Shooting Still Subjects

July 11, 2016

The Bowens Streamlite 330 kit with light cocoon is perfect for even lighting of still subjects and objects.


There are advantages to shooting still subjects, especially indoors in a studio, such as the ability to control light and choosing camera settings that can take you through the entire sitting. Still, it’s important to keep a few basics in mind because, even experienced shooters make these missteps, and it can show in the final result. When prepping for a sitting or a product photography shoot, take these tips with you for fantastic final results:

Light it right: There is nothing more important in photography than good lighting. Studio or indoor photography is synonymous with big, expensive strobes and flashes, but this is not always the case. Lighting comes in many forms. It could be as simple as natural light coming in through a nearby window, or it could be a dedicated flash setup. You can also make use of "continuous" lighting systems, that is, specially-designed LEDs and lamps that provide a constant stream of light, rather than strobe flashes. These products run the full range of prices from a couple of hundred dollars to thousands. Either way, good lighting is key to getting professional still life shots. Photography is the art of painting with light, so make sure you have enough of it!

Go Low With ISO: Consider starting at ISO 100 for indoor studio shots. This is particularly important for new photographers beginning in studio photography. ISO 100 offers the lowest noise option and the best quality. You can adjust as needed, but you consider adjusting your lighting first to properly cover your subject.

Tripod, Tripod, Tripod: Your subject isn’t moving, so make sure you aren’t, either! A tripod provides important stability, which results in increased sharpness in your images. Of course, there are situations where handheld photography is necessary or desirable, but be aware of the need to minimise handshake as much as possible.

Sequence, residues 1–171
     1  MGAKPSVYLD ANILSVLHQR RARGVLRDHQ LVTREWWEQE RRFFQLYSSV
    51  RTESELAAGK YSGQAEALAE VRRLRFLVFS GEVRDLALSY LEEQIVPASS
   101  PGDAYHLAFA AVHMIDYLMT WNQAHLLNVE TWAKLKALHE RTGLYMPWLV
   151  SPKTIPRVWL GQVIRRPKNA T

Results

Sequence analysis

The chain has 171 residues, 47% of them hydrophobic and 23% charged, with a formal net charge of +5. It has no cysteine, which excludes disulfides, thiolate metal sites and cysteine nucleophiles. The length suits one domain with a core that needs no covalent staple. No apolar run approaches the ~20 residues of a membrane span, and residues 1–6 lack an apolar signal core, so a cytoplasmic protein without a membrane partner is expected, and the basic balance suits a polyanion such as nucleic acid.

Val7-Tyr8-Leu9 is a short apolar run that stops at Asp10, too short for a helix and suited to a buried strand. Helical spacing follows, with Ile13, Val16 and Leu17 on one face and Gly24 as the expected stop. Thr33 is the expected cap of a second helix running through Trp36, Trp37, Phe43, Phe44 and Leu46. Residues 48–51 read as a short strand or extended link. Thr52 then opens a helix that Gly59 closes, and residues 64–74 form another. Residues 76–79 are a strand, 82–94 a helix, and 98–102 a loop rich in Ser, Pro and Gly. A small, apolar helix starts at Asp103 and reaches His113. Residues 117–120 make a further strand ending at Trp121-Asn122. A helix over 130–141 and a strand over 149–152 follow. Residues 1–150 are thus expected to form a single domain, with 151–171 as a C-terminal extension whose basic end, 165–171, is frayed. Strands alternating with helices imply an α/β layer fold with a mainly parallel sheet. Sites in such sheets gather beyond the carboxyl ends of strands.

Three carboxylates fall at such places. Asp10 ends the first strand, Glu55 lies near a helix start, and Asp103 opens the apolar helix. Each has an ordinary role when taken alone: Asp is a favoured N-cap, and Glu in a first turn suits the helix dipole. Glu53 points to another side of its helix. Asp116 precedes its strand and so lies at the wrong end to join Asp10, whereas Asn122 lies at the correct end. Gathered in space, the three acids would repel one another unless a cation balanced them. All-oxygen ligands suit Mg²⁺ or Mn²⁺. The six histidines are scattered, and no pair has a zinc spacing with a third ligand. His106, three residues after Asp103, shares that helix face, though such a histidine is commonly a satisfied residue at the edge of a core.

Manual Maximizes Exposure: Consider switching from auto-exposure to manual mode when shooting in studio. A camera’s auto exposure modes will read ambient light, not light from strobes, and this will impact your overall exposure. Some initial test shots will help you choose the proper exposure setting for your light setup.

Close In: When photographing in studio, one of the most common beginner’s mistakes is leaving too much space around the subject. For certain compositions, you’ll need to leave room for the background to properly accent the subject and to create the imagined mood for the image. Just make sure that part of the sitting includes tighter shots. Zoom in closer than might be a bit comfortable than normal. Take a few photographs with varying distance and evaluate the results in the editing room. Many photographers find that closing in brings some of their best work in studio. It may work for you, too!

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